Form and Content (Masterplots II: Juvenile & Young Adult Literature Series, Supplement)
In A Christmas Carol, three spirits take Ebenezer Scrooge on tours of his past to show him where he went wrong, of the present to introduce him to the joy of the holiday season, and of the future to warn him of what may happen unless he changes. Scrooge learns his lesson well and is transformed into a man with a conscience.
On Christmas Eve, Scrooge terrorizes his clerk, Bob Cratchit, and reluctantly grants the poor man a day off. Impatient with those who waste their time on any pursuit other than making money, Scrooge angrily dismisses two gentlemen collecting for the poor and repulses his nephew, Fred, who invites him to Christmas dinner. At home that evening, Scrooge is confronted by the ghost of his dead partner, Jacob Marley, who warns him against purely materialistic pursuits and tells him that he will be visited in the night by three spirits.
The first spirit, the Ghost of Christmas Past, gives Scrooge a series of visions of his childhood and early manhood. Scrooge sees himself as a neglected child at school, then as an apprentice of Mr. Fezziwig, enjoying warm festivities on Christmas Eve, and finally as a prospering entrepreneur whose fiancée breaks their engagement because Scrooge loves money more than he loves her. He must suffer the agony of the vision of her with another husband and their children.
The second spirit, the Ghost of Christmas Present, takes Scrooge out onto the streets on Christmas morning to see many happy families and, in particular, the love and warmth of Bob Cratchit’s home. Although they have barely enough to live on, the members of the Cratchit family share a devotion to one another that the old man recognizes as absent in his own life. The...
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Places Discussed (Cyclopedia of Literary Places)
*London. Scrooge’s first nocturnal journey is guided by the Ghost of Christmas Present, who whisks him from his bed on a nighttime journey to observe London’s joyful holiday season. They oversee Christmas delight in the Cratchit home, located in a poor section of London (where author Charles Dickens himself had once lived). Before this ghost withers away on the streets of London, he escorts Scrooge to holiday scenes among northern miners and coastal lighthouse keepers; he even whisks him out to sea to watch Christmas’s softening effect on rough sailors. Scrooge next visits scenes from the past and future.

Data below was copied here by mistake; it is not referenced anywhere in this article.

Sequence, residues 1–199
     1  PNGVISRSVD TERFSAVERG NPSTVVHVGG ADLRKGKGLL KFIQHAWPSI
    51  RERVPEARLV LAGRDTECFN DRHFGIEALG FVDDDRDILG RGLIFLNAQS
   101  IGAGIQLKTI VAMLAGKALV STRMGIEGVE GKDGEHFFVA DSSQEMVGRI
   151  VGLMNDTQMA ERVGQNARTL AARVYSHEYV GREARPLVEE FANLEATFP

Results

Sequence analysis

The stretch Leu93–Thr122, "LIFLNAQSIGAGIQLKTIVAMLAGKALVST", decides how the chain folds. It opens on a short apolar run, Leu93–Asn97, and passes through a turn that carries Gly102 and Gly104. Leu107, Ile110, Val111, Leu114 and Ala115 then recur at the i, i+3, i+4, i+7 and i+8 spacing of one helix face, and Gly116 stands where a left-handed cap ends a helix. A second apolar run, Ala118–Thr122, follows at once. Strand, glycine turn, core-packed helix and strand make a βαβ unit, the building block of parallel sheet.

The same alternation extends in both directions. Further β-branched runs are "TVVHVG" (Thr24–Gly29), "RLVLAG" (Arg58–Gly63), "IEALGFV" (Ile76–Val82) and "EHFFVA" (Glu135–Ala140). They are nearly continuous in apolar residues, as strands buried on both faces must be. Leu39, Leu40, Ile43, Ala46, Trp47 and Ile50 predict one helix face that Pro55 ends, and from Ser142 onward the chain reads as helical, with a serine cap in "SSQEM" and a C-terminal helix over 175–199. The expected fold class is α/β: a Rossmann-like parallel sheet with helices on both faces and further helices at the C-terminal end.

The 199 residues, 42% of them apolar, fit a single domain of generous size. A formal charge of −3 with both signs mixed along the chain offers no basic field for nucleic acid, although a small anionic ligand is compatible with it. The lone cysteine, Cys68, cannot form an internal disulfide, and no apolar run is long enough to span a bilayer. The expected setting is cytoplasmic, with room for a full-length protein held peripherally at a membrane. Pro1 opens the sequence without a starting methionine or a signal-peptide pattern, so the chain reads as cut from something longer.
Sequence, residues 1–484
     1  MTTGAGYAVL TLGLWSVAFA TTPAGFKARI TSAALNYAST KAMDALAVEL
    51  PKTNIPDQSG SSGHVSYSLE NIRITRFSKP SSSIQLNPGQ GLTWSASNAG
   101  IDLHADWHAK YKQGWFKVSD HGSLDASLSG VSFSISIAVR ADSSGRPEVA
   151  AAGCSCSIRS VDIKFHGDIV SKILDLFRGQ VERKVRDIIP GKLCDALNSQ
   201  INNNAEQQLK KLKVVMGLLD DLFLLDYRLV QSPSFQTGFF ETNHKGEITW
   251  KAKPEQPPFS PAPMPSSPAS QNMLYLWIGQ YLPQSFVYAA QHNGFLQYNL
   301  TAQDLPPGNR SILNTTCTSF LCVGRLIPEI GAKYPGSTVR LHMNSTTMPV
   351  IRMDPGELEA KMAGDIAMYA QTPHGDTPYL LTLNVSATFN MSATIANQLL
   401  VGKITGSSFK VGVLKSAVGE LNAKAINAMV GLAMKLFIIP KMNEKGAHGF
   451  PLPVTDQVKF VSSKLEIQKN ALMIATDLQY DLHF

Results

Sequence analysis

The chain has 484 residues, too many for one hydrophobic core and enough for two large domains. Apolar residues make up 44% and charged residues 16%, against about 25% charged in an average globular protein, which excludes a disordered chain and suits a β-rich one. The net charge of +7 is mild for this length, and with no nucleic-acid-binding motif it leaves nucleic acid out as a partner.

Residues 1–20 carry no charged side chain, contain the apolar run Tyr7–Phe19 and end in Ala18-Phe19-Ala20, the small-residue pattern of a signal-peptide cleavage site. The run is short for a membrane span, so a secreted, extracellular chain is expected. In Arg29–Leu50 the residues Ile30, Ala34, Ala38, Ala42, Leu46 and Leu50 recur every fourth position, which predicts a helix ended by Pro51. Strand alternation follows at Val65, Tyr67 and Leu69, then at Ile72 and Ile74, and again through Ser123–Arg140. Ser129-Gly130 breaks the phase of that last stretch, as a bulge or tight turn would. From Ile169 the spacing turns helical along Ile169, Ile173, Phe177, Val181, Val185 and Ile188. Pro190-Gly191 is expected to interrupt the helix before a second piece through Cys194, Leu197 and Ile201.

Scrooge’s bedroom. Room to which Scrooge retreats after Marley warns him about night-time visitors and the place at which his nocturnal adventures begin. The old miser is then spirited from his bed and escorted through the air to his childhood home, west of London in Rochester—which was also Dickens’s childhood home. Here they drop down in three locations, designed to soften Scrooge: a sad and lonely schoolroom, a warehouse magically transformed for Christmas fun by the generous Fezziwig, and a park bench where a youthful Scrooge coldly breaks off his engagement.
Churchyard. Cemetery where Scrooge sees his own grave during his journey with the Ghost of Christmas Yet to Come. The callous and bleak atmosphere of a shop where Scrooge sees his own bed being sold and the even greater shock of seeing his own name on a tombstone in the overgrown churchyard complete the reformation of the old miser, especially after he realizes that the future he has been seeing is not immutable. When he awakens back in his bedroom on Christmas morning, he is a very different man from the one who fell asleep there the night before.
Scrooge’s countinghouse. Scrooge’s London offices; a bleak, cold working place, warmed by the smallest imaginable fire, even on the coldest winter days when the story opens. On the day after Christmas, however, the story comes full circle in this setting, with Scrooge filling his office with both physical warmth and true holiday cheer.
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Bibliography and Further Reading
Bibliography (Cyclopedia of Literary Characters, Revised Third Edition)
Sources for Further Study
Donovan, Frank. Dickens and Youth. New York: Dodd, Mead, 1968. A discussion of Dickens’ extensive use of children in his novels. A Christmas Carol is considered in detail, in two ways. Scrooge’s unhappy childhood is considered as the major cause for his present loneliness and misanthropy. The children of Bob Cratchit, especially Tiny Tim, are examined as examples of innocents who are happy even when their circumstances are difficult.
Epstein, Norrie. The Friendly Dickens: Being a Good-Natured Guide to the Art and Adventures of the Man Who Invented Scrooge. New York:...
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